August 12 bills killed After white supremacists invaded Charlottesville with violent clashes that left activist Heather Heyer dead and the community traumatized, legislators carried bills to the General Assembly to give localities more muscle in avoiding such gatherings in the future. Attorney
One sign of a healthy economy is when local government adds new positions, and Charlottesville City Manager Maurice Jones has several in his proposed $179 million budget for fiscal year 2019, including 2.5 full-time positions to help city councilors with policy and communications. That $225,000
Amateur archaeologists had been kneeling in the dirt of the South Yard at James Madison’s Montpelier for hours, painstakingly searching for intact artifacts that could be used in exhibits detailing the lives of the enslaved community that was forced to live and toil there. Among them was
In the latest court hearing on the lawsuit stemming from City Council’s vote a year ago to remove the statue of General Robert E. Lee, the tarps covering Lee and his Confederate general buddy, Thomas “Stonewall” Jackson, weren’t the main reason for the court date. But the judge’s ruling that
Nearly eight years after a UVA fourth-year died at the hands of her on-again off-again boyfriend a couple of weeks before graduation in 2010, lawyers representing the family of Yeardley Love were back in court February 22, and a judge granted their motion to compel George Huguely to reveal any
When Jeff Richardson got a call and an invitation to apply for the open county executive position in Albemarle County, the Tar Heel state transplant says his only tie to the area was a three-week leadership program at the University of Virginia about 15 years ago. “Those training opportunities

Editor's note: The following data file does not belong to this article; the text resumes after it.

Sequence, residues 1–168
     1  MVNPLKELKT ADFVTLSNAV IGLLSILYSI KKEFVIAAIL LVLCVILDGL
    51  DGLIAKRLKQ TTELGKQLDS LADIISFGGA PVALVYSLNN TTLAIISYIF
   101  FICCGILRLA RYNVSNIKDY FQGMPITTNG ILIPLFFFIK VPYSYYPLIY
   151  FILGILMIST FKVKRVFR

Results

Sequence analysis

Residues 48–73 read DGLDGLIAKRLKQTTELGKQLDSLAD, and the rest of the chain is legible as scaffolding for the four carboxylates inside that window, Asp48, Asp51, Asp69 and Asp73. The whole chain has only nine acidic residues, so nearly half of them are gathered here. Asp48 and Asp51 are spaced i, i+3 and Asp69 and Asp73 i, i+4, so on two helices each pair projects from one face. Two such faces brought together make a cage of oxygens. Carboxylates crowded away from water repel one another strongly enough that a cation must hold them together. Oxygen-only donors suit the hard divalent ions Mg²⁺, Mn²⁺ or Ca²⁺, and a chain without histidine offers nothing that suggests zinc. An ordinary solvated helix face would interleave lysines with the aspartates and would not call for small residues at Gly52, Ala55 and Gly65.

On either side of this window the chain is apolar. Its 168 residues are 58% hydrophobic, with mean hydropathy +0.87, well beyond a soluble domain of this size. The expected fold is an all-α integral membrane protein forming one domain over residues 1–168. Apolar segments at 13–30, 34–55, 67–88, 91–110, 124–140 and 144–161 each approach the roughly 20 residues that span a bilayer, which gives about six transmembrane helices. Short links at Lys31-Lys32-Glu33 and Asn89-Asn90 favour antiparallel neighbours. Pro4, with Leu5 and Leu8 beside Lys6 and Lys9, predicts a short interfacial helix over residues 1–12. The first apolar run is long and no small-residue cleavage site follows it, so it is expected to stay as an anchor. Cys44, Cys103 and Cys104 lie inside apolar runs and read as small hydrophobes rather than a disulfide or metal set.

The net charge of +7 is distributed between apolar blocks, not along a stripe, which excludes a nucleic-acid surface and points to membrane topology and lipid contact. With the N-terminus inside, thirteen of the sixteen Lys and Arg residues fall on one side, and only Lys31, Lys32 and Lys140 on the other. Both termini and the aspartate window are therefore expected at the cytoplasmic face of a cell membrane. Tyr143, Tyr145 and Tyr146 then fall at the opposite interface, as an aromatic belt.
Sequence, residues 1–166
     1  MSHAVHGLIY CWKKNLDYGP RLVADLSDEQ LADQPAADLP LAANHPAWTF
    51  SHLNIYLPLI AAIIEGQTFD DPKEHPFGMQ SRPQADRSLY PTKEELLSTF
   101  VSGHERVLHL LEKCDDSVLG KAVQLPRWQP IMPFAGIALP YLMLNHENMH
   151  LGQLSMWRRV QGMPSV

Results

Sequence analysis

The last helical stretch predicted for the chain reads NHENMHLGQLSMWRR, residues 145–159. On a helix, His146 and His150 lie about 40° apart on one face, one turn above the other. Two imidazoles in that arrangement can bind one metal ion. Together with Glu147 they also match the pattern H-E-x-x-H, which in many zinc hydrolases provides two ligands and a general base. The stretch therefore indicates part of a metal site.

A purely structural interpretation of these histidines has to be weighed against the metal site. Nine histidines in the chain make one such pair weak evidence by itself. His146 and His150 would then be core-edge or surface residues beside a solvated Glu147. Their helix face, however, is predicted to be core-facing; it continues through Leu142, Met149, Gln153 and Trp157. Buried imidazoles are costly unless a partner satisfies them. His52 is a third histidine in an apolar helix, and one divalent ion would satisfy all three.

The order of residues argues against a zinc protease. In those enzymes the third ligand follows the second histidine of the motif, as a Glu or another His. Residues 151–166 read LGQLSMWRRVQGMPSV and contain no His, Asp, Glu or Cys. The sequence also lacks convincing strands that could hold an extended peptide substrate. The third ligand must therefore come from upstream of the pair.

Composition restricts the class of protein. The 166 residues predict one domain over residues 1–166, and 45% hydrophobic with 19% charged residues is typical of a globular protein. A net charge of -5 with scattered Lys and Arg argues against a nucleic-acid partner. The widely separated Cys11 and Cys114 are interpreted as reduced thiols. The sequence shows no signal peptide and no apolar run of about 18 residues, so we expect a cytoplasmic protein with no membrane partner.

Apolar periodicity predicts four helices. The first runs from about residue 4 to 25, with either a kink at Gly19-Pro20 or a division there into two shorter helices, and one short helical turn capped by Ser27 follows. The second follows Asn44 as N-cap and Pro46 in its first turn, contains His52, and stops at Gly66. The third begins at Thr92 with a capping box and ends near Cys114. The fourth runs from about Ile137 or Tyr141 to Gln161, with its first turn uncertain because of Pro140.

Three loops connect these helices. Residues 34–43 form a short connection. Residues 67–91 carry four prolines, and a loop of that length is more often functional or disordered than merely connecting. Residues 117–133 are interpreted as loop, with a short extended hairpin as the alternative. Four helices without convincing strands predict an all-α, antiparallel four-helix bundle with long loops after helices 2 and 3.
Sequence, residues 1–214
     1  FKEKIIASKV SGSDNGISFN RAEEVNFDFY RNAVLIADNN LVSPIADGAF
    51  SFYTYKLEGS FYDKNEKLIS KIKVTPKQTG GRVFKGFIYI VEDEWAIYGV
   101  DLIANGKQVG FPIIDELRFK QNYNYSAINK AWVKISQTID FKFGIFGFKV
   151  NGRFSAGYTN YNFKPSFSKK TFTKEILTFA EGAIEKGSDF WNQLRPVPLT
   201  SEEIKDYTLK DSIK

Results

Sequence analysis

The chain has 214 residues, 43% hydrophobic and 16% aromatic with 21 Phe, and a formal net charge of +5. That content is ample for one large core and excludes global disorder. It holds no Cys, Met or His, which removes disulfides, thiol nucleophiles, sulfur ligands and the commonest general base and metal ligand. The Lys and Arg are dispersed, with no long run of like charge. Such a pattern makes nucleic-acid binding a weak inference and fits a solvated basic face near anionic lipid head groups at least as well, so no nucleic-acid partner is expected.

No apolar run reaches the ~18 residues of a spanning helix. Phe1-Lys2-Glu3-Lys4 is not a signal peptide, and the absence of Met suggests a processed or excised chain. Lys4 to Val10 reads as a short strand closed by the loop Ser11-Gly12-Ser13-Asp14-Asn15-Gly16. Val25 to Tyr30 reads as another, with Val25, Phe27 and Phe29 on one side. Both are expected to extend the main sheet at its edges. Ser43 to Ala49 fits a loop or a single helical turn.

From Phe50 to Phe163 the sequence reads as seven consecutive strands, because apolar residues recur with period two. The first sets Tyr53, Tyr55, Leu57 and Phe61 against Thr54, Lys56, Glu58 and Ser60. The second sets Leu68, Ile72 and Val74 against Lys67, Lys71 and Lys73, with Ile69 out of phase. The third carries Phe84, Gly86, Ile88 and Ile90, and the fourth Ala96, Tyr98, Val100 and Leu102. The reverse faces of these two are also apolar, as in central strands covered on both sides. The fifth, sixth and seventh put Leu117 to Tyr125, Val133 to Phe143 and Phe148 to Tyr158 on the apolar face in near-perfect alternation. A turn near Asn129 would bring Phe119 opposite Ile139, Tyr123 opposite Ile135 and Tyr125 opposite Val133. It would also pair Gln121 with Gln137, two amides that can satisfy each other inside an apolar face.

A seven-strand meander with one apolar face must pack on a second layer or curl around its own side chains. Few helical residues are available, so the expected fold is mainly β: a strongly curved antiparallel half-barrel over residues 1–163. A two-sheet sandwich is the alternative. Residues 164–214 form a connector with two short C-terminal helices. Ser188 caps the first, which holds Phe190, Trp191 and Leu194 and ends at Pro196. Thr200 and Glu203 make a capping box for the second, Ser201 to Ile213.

Andy Goddard has been going to the General Assembly since 2008, the year after his son was shot four times in the 2007 Virginia Tech massacre. In his 11th year monitoring the legislature and how it deals with mass murders and guns, not much has changed. “It’s the same old thing,” says Goddard,
Albemarle County Executive Jeff Richardson, who took the job November 6, went before the Board of Supervisors on February 16 to propose his first budget, which is nearly 8 percent higher than the one for the current year. He’s recommending $428,500,374 for fiscal year 2019, a $13.5 million
“Wes is a jackass” became a familiar slogan to those living in Charlottesville last summer, as it was scrawled on a giant cardboard sign carried by local retiree Mason Pickett, and its derivative, “Bellamy is a jackass,” was often chalked on the Downtown Mall’s Freedom of Speech Wall as
Let’s just go ahead and get the obligatory warning out of the way: Don’t do illegal stuff. But we know that some of you will, and when you encounter police, at least be aware of your rights so you don’t get yourself in more trouble than you’re already in. For legal advice, we consulted attorney